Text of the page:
16. The movie is a little gimpy. But Murray's molto impressive. He drops his voice half an octave; he walks like a golem tailored by Armani; he puts his silky style in the service of menace. It's a whole nother dimension to him. [8 March 1993]
    • Time
  17. Hanks has a wonderful scene, late in the film, that shows a strong man collapsing into frailty. It hints at the emotional depth the movie might have plundered. The rest of Captain Phillips must rely for its drive on the relentless mechanical agitation of Henry Jackman’s score. It can’t save an overly muscled docudrama that is more pounding that truly gripping.
  18. Uneven but occasionally quite funny.
  19. This film, based on a true story, transcends its handsomeness to present a subtle portrait of a woman's growing consciousness.
  20. It should make audiences happy. But then so did most of his earlier movies, and they were lame, gnat-brained pieces of demagogic doo-doo!
  21. This material is either underdeveloped or crudely put by a director whose style is so conventional that he makes James Ivory look, by comparison, like Jean-Luc Godard.
  22. A lot of the gags are pretty good. It's not that Star Wars is less worthy of satire than horse opera or gothic horror. It's not that Mel Brooks has lost his cunning, though he does need a freedom of speech not to be found under a PG rating. What's missing is that zany old gang of his. There is simply nobody like them on this trip. [13 July 1987, p.68]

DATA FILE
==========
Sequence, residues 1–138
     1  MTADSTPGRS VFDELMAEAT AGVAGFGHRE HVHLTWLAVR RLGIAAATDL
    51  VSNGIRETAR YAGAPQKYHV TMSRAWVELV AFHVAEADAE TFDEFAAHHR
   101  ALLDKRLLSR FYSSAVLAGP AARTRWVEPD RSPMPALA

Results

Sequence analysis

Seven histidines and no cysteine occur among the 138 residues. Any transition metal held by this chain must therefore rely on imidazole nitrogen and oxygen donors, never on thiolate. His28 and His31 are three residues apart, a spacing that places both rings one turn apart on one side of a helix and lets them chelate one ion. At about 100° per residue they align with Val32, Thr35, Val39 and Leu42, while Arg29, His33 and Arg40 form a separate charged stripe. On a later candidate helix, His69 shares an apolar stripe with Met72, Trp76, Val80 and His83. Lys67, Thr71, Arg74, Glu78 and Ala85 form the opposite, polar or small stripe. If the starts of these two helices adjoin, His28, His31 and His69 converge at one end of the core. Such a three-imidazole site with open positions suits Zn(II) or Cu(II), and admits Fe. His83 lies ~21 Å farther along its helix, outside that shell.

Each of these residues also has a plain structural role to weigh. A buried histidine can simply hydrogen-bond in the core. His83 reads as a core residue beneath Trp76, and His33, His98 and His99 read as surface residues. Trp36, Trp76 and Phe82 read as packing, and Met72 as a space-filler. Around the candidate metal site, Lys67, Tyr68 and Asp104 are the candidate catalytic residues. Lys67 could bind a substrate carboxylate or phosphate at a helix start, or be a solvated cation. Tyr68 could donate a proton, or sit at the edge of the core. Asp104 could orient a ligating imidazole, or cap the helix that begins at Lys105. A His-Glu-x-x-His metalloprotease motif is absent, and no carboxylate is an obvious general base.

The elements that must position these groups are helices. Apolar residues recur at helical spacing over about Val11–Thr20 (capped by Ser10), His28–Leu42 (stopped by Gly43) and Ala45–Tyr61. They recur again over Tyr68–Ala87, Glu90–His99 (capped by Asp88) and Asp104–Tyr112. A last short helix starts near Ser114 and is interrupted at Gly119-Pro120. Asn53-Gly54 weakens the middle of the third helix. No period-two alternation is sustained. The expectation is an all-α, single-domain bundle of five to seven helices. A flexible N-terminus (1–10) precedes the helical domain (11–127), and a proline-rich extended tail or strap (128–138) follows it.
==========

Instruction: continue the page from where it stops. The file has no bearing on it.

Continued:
• Time
  23. Christie has already won prizes for the knowing weariness of her performance, and Flynn Boyle probably deserves some for her ferociously stated frustrations. But their clarity can't quite cut through the thickness of the film's air or compensate for the wooziness it induces.
  24. Dodging the twin minefields of preciousness and an exploitative 9/11 premise, Horn races away with the movie and makes it believably, genuinely sad.
  25. Guys and gals from the first film, now thicker and with incipient crow lines, pair up in more or less the same permutations as when they were young and shiny. The movie's message is that the way to face impeding maturity is to embrace your inner teen idiot.
  26. Unlike the original, Paranormal Activity 2's pacing is uneven; it builds slowly and effectively before rushing too quickly, and at one point not particularly coherently, through the climax. But the jolts, when they come, are bigger, causing actual physical thrills and chills, at least for me.
  27. Rumble Fish is the messiest, most provocative inkblot of the year.
  28. I think Gonzo, which is wonderfully rich in historical footage, needs some skeptics, some voices suggesting that maybe, just maybe, Thompson was part of the problem, not the solution, when America flirted briefly with revolution (or was it merely anarchy?), leaving consequences that continue to resonate today -- and not always to our advantage.
  29. Anchorman 2 is more like SNL in the sharper years (1995–2002), when McKay was a writer and Ferrell one of the Not Ready for Prime Time Players. Expect no more and you should be satisfied. Wine connoisseurs would call this a new Burgundy with an old bouquet.

Top Trailers